Blockbuster to offer ‘on demand’
Blockbuster Inc. will start renting movies and television shows through a new gadget that may give consumers another reason to bypass the struggling video chain’s 7,500 stores.
The system unveiled Tuesday relies on a small box that connects to television sets and stores video after it’s downloaded over high-speed Internet connections.
The player, made by San Jose-based 2Wire Inc., is based on the same concept as storage devices made by Apple Inc. and Vudu Inc. The devices are all meant to provide a bridge between the Internet and TVs.
Netflix Inc., a Blockbuster nemesis, has been trying to make the same leap with a video-streaming service that can be watched on TV sets through a variety of devices, including a $100 box introduced by Roku Inc. six months ago.
Blockbuster’s latest move into “on-demand” video also pits the Dallas-based firm against instant-gratification services offered by major cable carriers such as Comcast Corp. and Time Warner Inc.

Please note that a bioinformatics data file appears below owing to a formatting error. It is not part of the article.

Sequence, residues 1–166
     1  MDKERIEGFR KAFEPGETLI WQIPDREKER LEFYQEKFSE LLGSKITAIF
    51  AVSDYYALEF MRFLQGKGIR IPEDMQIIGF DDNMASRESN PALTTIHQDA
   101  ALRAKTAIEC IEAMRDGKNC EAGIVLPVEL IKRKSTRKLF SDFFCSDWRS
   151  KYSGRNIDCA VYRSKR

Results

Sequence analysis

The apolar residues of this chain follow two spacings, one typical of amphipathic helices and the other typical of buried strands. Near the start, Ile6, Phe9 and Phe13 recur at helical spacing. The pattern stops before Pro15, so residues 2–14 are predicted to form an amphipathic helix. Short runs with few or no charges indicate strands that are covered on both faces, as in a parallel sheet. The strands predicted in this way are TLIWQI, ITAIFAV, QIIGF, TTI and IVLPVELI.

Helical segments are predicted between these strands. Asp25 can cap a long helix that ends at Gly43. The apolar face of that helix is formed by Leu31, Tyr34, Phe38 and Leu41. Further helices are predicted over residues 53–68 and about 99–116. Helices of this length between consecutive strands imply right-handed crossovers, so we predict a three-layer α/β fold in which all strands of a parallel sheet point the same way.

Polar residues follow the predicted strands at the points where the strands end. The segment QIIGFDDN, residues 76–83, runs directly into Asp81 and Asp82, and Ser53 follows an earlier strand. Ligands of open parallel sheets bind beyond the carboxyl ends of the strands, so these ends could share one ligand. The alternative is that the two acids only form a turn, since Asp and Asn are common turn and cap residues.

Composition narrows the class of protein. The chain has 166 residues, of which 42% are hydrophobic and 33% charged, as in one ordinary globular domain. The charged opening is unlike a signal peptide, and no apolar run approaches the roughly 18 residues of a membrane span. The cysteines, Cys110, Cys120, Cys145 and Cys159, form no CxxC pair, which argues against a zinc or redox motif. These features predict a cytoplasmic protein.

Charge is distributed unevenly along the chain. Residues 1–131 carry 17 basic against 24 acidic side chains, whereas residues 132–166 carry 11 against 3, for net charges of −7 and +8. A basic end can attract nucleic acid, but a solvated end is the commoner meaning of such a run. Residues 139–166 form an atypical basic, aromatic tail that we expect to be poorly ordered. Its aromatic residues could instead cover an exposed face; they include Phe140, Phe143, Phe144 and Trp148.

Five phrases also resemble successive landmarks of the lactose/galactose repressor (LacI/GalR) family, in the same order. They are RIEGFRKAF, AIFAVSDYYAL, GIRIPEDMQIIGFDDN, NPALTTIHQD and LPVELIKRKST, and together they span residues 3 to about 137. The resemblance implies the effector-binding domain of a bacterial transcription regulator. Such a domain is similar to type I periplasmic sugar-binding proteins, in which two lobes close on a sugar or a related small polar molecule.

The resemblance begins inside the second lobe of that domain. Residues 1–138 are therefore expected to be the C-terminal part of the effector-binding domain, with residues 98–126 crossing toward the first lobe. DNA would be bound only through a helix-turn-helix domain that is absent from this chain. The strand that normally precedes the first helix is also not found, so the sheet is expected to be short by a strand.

Blockbuster shares gained 3 cents, or 3.2%, to close Tuesday at 98 cents while Netflix shares fell 58 cents, or 2.6%, to $21.63.
Although Blockbuster has closed hundreds of stores in recent years, its expansion into on-demand shouldn’t be interpreted as a condemnation of its brick-and-mortar locations, Chairman James Keyes said.
“We think the stores will remain relevant to consumers for quite some time,” he said.
Blockbuster had previously been selling video downloads through Movielink, a service that it bought for $7.7 million last year. But the Movielink option was primarily aimed at consumers who don’t mind watching movies on personal computers or portable gadgets with small screens.
With its latest step, Blockbuster is appealing to the larger audience that prefers watching entertainment on big-screen TVs.
To help get its next downloading box into homes, Blockbuster is selling it as part of a $99 package that includes 25 on-demand rentals.